A Lightness of Spirit

Posted by Lawrence Liang at Feb 11, 2013 06:28 AM |
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Disability activist Rahul Cherian leaves a legacy of thinking about human rights as rights for the maximum enjoyment of life.

The op-ed by Lawrence Liang was published in the Hindu on February 9, 2013

The word spirit travels to us via Latin where spiritus literally means breath but is more accurately a description of the vigour and vitality of a being. It is therefore appropriate that while breath marks the line between life and death, an infectious spirit vitalises everyone with their being regardless of the presence or absence of their breath. Rahul Cherian — intrepid spirit and tireless activist for disability rights — passed away on February 7 after a sudden illness.

While many of us feel cheated by the death of someone so young, let us not be mistaken: it was always Rahul who cheated death all along, and Robin Hood-like, generously distributed his infectious enthusiasm, laughing his way out of the bank of life. Diagnosed at a very early age with a spinal tumour, hospitals and surgeries were no strangers to him; they were mere playmates from whom he learnt the value of not taking illness too seriously.

Impact on Verma report

After a surgery in his 30s in which he lost partial mobility of his legs, Rahul became involved with the rights of disabled people and started “Inclusive Planet,” an organisation that works on all aspects of disability rights — from accessibility policies of the government, to reform in copyright law to enable persons with visual disabilities the right to read. He was instrumental in the drafting of the Treaty for the Visually Impaired, currently being debated at the World Intellectual Property Organization (WIPO), as well as the amendment to the Indian Copyright Act to enable exceptions for persons with disabilities.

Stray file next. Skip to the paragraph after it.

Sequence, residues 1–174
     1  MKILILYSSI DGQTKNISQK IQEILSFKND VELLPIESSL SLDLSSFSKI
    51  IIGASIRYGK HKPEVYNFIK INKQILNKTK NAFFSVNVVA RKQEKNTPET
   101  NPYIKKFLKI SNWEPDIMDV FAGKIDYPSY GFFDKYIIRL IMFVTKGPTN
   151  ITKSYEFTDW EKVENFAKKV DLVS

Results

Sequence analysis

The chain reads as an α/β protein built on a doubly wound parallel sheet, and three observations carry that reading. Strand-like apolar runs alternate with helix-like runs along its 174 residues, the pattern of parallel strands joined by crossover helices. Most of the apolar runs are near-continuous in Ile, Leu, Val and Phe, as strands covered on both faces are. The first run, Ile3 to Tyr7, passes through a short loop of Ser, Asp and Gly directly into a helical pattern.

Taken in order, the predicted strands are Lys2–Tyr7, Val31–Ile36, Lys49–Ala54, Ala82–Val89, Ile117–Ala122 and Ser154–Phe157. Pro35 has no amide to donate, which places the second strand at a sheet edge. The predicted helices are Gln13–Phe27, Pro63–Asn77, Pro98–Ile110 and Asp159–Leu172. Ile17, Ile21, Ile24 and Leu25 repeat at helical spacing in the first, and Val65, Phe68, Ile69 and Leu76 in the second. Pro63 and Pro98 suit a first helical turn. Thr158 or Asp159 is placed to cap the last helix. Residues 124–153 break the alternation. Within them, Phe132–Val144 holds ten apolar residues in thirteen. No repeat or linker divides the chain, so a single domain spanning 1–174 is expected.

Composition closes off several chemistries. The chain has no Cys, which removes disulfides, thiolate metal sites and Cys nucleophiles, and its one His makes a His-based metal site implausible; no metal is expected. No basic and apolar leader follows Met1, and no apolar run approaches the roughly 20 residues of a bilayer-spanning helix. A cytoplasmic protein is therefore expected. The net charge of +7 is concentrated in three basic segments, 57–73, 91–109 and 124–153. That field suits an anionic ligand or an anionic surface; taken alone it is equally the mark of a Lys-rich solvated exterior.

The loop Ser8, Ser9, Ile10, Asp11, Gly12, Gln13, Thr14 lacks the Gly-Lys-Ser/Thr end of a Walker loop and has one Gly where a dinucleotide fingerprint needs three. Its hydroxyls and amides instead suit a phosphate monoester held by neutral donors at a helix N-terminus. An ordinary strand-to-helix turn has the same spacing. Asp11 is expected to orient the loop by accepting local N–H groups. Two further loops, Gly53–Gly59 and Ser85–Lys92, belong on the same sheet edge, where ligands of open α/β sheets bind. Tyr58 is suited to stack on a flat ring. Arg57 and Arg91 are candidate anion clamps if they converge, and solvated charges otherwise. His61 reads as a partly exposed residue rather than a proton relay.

Most recently, “Inclusive Planet” made a set of submissions to the Justice J.S. Verma Committee on the reform of sexual assault laws from the perspective of disabled victims, many of which were incorporated into the final report.

In articulating an innovative jurisprudence of disability rights, it was clear that his sense of play and a belief that emancipation comes from a sense of joy, not of sorrow, always informed whatever he did. Thus even as he fought in all fora for equal citizenship of disabled people, he also included a dating service for them and a section on disability and humour on “inclusiveplanet.com”. A telling sign of his joie de vivre was an “Inclusive Planet” T-shirt that had an alien with crutches pointing at you saying, “You are not alone.”

I remember being in a meeting with him and various representatives of organisations fighting for the rights of the visually impaired to discuss with the government the Copyright Amendment Bill. As the negotiations seemed to head towards a frustrating bureaucratic wall, he turned to me in exasperation and said, “Things better start improving or I will be forced to hit someone with my crutches and that will be terrible for the image of the disability movement.”

In an interview in Geneva, Rahul enthusiastically demonstrated his new foldable scooter with which he said he could “go on his own and buy his wife Anjana a present.” He added: “I used to call myself a disability activist but now I consider myself a freedom fighter because I am actually fighting for freedom to access the city. Coming from the land of Mahatma Gandhi, I am proud to say I am a freedom fighter and let’s see what kind of freedom we can win for disabled people.”

Rahul leaves behind an important legacy in terms of his work, but a far more important one on how we understand the very idea of a free spirit. His singularity, while irreplaceable, provides us with a vocabulary of thinking of human rights struggles as really a right to the maximum enjoyment of life and doing it with a sense of lightness.

Enumerating lightness as one of the desirable attitudes to cultivate, Italian writer Italo Calvino urged us to recall Perseus’s refusal of Medusa’s stone-heavy stare. To slay Medusa without himself being turned to stone, Perseus supports himself on the lightest of things — the winds and the clouds — and “fixes his gaze upon what can be revealed only by indirect vision — an image caught in a mirror.” Calvino reminds us that Perseus’s strength lay in his refusal to look directly, but not in a refusal of the reality in which he is fated to live. Sleep well Rahul — you have taught us well that laughter and lightness are our greatest weapons against adversity.

(Lawrence Liang is a lawyer at the Bangalore-based Alternative Law Forum.)

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